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I HEARD about a new trend where people make marijuana-infused wine. They say it's the first wine that pairs well with every food. — Jimmy Fallon

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ON MONDAY, September 14, 2015 at approximately 1:10 PM, Deputies from the Mendocino County Sheriff's Office were dispatched to a residence in the 75000 block of Highway 162 in Covelo, California to investigate an incident of domestic violence. Upon arrival, a nineteen year-old female adult told Deputies that she and her eighteen year-old boyfriend had an argument earlier in the day. It was reported that during the argument the boyfriend, Tiny Le Wolf Whipple, 18, of Covelo, grabbed the female adult by the neck and pushed her onto a couch. Whipple then covered the female adult's head with a blanket and punched her twice in the face. Deputies observed injuries on the female adult that were consistent with the information that was reported about the physical assault. Deputies subsequently contacted Whipple at his residence located in the 23000 block of Charlie Hurt Highway and arrested him for domestic violence battery. Whipple was booked into the Mendocino County Jail where he was to be held in lieu of $25,000 bail.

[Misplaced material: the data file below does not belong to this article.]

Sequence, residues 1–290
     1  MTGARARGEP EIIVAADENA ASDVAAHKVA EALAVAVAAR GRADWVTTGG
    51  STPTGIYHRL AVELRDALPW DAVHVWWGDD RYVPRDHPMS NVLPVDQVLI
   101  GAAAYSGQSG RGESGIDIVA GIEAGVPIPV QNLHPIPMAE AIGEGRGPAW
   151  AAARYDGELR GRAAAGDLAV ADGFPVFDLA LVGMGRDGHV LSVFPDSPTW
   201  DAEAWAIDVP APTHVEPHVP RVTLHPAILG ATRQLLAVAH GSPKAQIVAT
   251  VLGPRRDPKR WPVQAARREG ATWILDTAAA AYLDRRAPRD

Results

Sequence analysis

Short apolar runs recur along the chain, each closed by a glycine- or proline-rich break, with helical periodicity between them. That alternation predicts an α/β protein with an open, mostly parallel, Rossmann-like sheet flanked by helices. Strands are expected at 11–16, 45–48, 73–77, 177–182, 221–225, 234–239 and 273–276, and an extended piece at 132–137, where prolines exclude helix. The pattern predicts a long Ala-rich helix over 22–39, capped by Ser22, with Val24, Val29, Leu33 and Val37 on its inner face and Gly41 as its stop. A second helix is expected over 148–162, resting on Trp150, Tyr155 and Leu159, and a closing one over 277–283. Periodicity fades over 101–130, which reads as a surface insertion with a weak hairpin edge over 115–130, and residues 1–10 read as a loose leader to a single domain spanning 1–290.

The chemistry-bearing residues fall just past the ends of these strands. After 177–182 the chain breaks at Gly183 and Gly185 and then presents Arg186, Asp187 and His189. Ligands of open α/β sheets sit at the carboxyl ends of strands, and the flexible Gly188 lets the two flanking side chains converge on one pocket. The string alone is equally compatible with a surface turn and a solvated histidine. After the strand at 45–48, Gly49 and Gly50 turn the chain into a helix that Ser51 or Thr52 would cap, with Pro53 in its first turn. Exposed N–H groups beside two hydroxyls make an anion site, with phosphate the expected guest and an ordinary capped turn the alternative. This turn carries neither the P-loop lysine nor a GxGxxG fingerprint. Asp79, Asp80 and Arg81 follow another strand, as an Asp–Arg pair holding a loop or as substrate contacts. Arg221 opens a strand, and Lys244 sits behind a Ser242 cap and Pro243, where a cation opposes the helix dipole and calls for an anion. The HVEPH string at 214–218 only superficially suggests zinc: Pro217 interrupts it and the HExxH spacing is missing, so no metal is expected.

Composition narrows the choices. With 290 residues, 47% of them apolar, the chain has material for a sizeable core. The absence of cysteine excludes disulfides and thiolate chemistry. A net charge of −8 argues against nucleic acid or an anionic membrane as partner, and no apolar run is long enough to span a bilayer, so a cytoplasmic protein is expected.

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AT ABOUT 1:30 AM on the morning of 09-15-2015 an intruder alarm at a closed business, Willits Power and Equipment (located at 1800 North Highway 1, Fort Bragg, California), was activated. Deputies from the Mendocino County Sheriff's Office responded and located a door that had been forced open. Deputies confronted Derek Silva, 47, a transient with a Fort Bragg address, who was attempting to exit the building as they approached. Silva was arrested without incident for burglary of the business. The building was searched and no other suspects were located. Derek Silva was booked into the Mendocino County Jail for burglary and probation revocation on $15,000 bail.

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CATCH OF THE DAY, September 16, 2015

Chavez, Delgado, Gaul, Hughes
Chavez, Delgado, Gaul, Hughes

DAVID CHAVEZ, Ukiah. Probation revocation.

JESUS DELGADO JR., Fort Bragg. Burglary, probation revocation.